Once In A Blue Moon

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About Once In A Blue Moon

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  1. Once In A Blue Moon

    My thoughts about when characters don't face their consequences

    Didn't they? Diamond Tiara had a pretty rough time in Crusaders of the Lost Mark, and one thing that episode tried to do was put a perspective on why she's a bully. She was clearly pressured by her parents and didn't have a happy home life and so she made bad choices. It's not the whole 'karma' thing about always getting your comeuppance, it's about recognising that someone is influenced and shaped by their environment and might not deserve a punitive response. That's not to say there aren't cases where actions lacking consequences does rather annoy me, but perhaps consider that contrition is an action that should have a consequence too - and Diamond Tiara's realisation and subsequent choice in Lost Mark should have positive consequences. My view is that a genuine desire to change merits forgiveness. Idealistic? Definitely, but perhaps a children's show can indulge in some idealism from time to time. ... @BasementSparkle definitely put that in a better way than I did.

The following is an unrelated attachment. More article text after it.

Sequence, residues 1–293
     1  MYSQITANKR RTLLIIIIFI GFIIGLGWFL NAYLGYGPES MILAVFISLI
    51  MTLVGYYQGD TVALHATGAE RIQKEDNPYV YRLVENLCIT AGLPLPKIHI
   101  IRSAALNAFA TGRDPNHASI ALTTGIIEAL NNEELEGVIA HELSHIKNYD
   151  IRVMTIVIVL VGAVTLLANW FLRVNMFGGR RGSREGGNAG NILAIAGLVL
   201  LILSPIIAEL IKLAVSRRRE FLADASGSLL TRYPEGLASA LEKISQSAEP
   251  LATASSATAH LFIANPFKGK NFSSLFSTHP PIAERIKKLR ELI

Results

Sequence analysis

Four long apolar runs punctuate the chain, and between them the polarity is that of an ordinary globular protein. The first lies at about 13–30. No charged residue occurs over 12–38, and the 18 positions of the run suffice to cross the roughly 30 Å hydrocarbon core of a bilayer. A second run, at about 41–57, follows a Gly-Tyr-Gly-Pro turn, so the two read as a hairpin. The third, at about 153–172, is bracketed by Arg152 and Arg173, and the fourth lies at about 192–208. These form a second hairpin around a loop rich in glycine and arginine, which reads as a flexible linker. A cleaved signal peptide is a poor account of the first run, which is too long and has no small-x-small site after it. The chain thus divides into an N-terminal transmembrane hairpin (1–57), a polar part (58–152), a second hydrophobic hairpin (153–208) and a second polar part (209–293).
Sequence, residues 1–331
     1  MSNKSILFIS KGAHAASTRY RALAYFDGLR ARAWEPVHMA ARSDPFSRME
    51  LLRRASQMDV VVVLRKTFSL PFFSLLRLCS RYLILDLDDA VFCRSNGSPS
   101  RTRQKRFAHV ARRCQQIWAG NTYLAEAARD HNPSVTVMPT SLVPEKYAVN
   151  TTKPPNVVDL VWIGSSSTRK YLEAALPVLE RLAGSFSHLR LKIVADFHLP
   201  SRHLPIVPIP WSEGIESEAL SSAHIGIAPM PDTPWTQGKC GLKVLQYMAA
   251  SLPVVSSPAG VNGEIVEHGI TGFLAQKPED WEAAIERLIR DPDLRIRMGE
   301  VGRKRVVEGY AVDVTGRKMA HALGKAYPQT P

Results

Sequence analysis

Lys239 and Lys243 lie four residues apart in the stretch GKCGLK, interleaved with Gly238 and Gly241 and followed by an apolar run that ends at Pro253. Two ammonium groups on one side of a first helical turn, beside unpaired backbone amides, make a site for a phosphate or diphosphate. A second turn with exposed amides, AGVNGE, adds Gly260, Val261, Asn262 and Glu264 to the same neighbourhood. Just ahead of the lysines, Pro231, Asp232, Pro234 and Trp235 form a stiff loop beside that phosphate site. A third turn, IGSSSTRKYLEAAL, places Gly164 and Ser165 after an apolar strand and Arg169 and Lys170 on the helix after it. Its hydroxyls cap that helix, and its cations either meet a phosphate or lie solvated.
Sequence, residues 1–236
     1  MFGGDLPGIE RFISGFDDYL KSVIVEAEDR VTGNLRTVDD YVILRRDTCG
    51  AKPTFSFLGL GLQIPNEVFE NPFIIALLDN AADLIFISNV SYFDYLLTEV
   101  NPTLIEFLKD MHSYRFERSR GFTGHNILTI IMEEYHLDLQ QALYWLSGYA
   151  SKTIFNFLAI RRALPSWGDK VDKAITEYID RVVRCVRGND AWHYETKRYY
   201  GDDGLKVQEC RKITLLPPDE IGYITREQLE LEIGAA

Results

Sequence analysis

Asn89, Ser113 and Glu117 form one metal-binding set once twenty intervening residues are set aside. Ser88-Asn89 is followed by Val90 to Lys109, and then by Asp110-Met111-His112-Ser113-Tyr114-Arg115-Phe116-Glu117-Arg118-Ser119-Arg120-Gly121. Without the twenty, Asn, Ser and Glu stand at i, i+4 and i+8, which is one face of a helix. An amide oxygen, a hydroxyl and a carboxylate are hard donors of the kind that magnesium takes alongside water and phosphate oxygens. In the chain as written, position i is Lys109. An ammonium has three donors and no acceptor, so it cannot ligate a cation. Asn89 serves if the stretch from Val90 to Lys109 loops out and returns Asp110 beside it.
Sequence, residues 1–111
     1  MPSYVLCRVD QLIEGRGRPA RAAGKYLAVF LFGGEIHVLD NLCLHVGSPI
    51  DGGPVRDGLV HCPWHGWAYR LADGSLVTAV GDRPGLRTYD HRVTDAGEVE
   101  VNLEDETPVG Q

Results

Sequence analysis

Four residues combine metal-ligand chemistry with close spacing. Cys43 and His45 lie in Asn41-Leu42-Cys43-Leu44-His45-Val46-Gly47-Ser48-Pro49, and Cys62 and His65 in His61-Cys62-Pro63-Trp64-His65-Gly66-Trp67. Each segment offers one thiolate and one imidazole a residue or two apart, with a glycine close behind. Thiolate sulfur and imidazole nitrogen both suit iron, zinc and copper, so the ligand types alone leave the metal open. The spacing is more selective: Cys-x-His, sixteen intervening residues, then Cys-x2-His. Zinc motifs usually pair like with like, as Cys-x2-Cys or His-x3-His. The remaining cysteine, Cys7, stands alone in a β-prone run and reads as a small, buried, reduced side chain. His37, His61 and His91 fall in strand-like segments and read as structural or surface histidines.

2. Once In A Blue Moon

    How old are the Mane 6 now?

    The guess I would make is largely centred on Twilight; if leaving Canterlot and defeating Nightmare Moon was graduation that would put her in the 20 to 23 age range. Becoming an alicorn princess would be her PhD in Friendship, so at least another 3 - 4 years. Starlight's graduation would be another 2-3 years after that, so my entirely arbitrary estimates put her at anything from 25 to 30 as of the start of season 7. The rest I would guess to be roughly similar, based on the events shown in The Cutie Mark Chronicles - I think Applejack is a bit older, as she mentioned being the last to get her cutie mark, plus she was leaving home to live with her aunt and uncle at the time while we know that Fluttershy is older than Pinkie (albeit not by much) and she does look longer in the leg than Rainbow Dash. Based on that, I'd put them in order, from oldest to youngest: 1. Applejack 2. Fluttershy 3. Pinkie 4. Twilight 5. Rarity 6. Rainbow Dash Again, rather arbitrarily - I'm working on the assumption that the brasher Rainbow Dash might be a bit younger and Rarity was working on a quite junior-looking school play, leaving Pinkie and Twilight somewhere in the middle.